The Tesco juggernaut hits a bump
04 March 2010
On Radio Two’s Jeremy Vine Show today, there was, according to the Eastern Daily Press online report, a “heated debate” about Tesco, whose plan to bring a store to the centre of Sheringham was being discussed this morning by North Norfolk planning committee. As part of that discussion – the only one opposing the Tesco juggernaut, as it happens – I can’t say it felt particularly heated. Some might say that not much light was thrown on the subject either.
The last time I had a radio debate on this subject, a former chairman of Tesco boasted of the company’s size and profitability: any criticism, he said, was motivated by a very British resentment of success. Today James Panton, an Oxford academic who set up the libertarian Manifesto Club, deployed the ease-and-efficiency argument.
The case for uncontrolled expansion of vast supermarkets takes free-market capitalism beyond Mrs Thatcher’s wildest dreams. The social and economic side-effect s – the destruction of local shops, the effect on local suppliers, the change forever to local life – all count for nothing beside the market. We have, it seems, learned nothing from the banking crisis; profit is what matters. Big business can be trusted.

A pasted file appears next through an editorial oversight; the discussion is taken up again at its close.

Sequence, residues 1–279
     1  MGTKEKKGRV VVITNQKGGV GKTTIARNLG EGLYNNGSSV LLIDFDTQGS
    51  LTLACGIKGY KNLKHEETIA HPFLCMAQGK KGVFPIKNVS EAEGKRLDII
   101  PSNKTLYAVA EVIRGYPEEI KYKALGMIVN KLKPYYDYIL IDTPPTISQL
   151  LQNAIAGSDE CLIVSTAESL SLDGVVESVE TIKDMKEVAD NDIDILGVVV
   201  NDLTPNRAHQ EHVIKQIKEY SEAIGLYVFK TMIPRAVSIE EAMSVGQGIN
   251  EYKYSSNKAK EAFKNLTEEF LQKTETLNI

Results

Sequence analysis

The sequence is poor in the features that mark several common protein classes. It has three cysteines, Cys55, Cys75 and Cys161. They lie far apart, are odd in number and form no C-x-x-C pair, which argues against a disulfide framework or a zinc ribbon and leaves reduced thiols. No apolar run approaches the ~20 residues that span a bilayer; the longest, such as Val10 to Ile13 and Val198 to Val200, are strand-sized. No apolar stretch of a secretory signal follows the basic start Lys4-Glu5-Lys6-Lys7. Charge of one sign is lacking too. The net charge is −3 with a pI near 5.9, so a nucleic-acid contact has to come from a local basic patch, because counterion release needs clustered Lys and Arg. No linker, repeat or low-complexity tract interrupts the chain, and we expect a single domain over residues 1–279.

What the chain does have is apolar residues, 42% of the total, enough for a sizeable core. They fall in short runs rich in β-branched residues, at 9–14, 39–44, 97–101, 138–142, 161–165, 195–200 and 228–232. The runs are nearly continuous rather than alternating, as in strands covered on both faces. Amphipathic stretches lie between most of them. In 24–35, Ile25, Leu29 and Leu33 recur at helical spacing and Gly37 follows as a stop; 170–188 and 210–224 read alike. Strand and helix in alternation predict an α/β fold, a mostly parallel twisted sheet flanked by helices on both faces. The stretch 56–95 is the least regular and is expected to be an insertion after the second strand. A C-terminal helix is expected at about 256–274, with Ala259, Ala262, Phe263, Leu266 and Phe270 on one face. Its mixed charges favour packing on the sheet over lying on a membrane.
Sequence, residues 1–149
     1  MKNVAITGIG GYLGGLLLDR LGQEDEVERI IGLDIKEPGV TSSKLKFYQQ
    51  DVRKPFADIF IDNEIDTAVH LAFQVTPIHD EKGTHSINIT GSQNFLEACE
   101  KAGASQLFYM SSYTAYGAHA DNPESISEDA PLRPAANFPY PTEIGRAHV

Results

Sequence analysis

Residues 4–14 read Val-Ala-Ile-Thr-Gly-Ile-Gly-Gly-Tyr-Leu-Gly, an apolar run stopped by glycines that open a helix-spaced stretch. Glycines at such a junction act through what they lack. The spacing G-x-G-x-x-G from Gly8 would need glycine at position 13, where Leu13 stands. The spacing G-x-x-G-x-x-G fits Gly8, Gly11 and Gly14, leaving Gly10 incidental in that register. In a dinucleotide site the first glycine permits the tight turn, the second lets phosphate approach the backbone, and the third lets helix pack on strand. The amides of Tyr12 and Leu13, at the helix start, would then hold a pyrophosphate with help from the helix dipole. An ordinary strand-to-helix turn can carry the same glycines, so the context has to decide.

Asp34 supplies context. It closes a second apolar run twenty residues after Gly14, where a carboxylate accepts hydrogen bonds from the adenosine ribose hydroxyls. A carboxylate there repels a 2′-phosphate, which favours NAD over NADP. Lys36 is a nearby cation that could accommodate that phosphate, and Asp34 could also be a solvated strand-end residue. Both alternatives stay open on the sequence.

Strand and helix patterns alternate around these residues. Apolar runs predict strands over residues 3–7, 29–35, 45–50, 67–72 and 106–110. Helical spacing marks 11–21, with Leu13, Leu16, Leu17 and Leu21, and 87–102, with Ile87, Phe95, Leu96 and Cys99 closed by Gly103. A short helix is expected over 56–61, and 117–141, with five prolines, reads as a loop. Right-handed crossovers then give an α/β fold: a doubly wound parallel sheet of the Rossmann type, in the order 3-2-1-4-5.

When I suggested on the programme that a balance was needed between the convenience shopping of a supermarket and a variety of local produce offered by other shops, I was accused of middle-class snobbery. Perhaps. On the other hand, an academic preaching lowest-common-denominator consumerism might just be thought to be a touch patronising.
With great good sense, North Norfolk Council rejected Tesco’s planning application and opted for the rival Greenhouse Community Project.
You can hear the programme here. Our discussion starts after 1:08:30.